Toyota is still the leading foreign carmaker in the U.S., but the company was severely tested by back-to-back crises: in 2010, massive recalls; then last year, the Japan tsunami. Although it lost U.S. market share, Toyota stayed in the black through its darkest hours.
Before Facebook and MySpace transformed how we interact online, there was another kind of Internet: the SDF network, made up of users connecting via phone lines and code. Around the world, 30,000 computing enthusiasts still use that network today.
Warren Buffett, 81, has been diagnosed with prostate cancer, his Berkshire Hathaway company announced Tuesday afternoon. The cancer is at Stage 1, according to MarketWatch. The billionaire investor says that his condition is not life-threatening.
Congress debates the 2012 Farm Bill. At issue are subsidies for farmers, food stamps and incentives for growing a wider variety of crops. Diane speaks to a panel of experts about the changes ahead in U.S. agricultural policy.
Despite criticism that schools with Tech Transfer programs are chasing big paydays that will never come, officials at Virginia universities say the other benefits of fostering innovation still outweigh the costs.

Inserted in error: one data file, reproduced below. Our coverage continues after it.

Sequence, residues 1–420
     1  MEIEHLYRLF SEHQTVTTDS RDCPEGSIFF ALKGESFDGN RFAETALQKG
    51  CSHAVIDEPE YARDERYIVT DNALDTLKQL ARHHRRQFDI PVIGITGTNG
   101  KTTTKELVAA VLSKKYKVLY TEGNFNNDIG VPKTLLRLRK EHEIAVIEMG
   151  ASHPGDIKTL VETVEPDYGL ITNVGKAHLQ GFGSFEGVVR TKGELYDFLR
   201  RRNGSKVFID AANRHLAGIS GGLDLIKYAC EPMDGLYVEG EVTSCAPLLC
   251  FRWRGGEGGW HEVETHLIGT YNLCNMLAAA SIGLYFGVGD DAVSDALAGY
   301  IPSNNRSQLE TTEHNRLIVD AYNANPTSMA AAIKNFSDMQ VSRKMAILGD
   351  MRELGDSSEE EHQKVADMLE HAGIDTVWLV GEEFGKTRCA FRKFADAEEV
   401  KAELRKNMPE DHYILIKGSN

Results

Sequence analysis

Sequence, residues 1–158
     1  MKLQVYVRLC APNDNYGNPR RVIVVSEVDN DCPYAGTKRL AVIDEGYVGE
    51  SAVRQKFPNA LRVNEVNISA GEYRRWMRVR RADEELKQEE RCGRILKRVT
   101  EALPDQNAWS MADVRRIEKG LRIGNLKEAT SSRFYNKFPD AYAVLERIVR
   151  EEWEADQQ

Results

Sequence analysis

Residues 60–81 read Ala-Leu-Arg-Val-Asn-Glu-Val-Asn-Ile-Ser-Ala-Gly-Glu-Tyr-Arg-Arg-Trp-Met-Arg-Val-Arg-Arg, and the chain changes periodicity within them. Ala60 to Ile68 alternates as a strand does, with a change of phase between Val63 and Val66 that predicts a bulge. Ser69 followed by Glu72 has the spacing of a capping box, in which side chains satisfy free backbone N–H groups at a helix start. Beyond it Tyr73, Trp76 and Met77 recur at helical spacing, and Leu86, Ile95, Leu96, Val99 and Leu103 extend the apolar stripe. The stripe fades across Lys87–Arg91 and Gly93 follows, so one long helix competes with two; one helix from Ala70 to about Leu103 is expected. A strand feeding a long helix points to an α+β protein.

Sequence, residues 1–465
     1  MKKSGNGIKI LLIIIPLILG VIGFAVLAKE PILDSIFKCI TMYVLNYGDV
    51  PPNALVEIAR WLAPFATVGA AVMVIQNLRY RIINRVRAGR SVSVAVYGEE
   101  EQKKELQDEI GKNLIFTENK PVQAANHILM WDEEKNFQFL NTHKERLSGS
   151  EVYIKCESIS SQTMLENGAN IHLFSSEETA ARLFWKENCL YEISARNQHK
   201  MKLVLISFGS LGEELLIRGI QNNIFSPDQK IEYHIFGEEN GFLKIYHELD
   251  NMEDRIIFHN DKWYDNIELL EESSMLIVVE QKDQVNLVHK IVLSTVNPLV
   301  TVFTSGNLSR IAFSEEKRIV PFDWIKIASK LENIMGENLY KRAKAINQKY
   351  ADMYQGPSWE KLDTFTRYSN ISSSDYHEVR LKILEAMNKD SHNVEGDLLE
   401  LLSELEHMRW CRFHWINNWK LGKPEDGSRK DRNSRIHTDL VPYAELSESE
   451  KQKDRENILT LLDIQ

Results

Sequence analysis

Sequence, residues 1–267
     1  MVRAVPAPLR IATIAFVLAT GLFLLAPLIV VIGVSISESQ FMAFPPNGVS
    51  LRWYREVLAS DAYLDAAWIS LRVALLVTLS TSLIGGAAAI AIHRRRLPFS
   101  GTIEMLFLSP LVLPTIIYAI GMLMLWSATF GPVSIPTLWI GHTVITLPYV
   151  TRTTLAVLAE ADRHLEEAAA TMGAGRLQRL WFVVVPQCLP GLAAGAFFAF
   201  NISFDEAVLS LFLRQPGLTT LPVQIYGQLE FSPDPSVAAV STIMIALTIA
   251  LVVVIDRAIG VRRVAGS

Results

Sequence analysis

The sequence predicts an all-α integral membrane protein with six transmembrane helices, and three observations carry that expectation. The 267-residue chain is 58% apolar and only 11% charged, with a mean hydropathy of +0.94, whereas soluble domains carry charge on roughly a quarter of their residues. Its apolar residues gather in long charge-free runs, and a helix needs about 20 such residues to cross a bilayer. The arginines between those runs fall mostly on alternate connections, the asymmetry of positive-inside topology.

Angry Birds — a mobile phone game in which players use a slingshot to propel birds at tiny little green pigs — has been a runaway hit since its 2009 release, with more than 700 million downloads, a TV show and a feature film in the works. It isn't alone. NPR's Neal Conan talks with New York Times Magazine critic-at-large Sam Anderson about people's fascination with — and addiction to — what Anderson calls "stupid games."
On the eve of Tax Day, Senate Republicans voted to block a measure that would have made mega-investor Warren Buffett and millionaires like him pay at least a 30 percent tax rate. Although Buffett endorses such a rule, Senate Republicans call it an election year gimmick. Their Democratic counterparts insist it's all about fairness.
The day that many dread is here: It's Tax Day. Of the 143 million federal tax returns filed last year, more than 80 percent qualified for a refund. Steve Inskeep talks to David Wessel, economics editor of The Wall Street Journal, about the economics of tax refunds.
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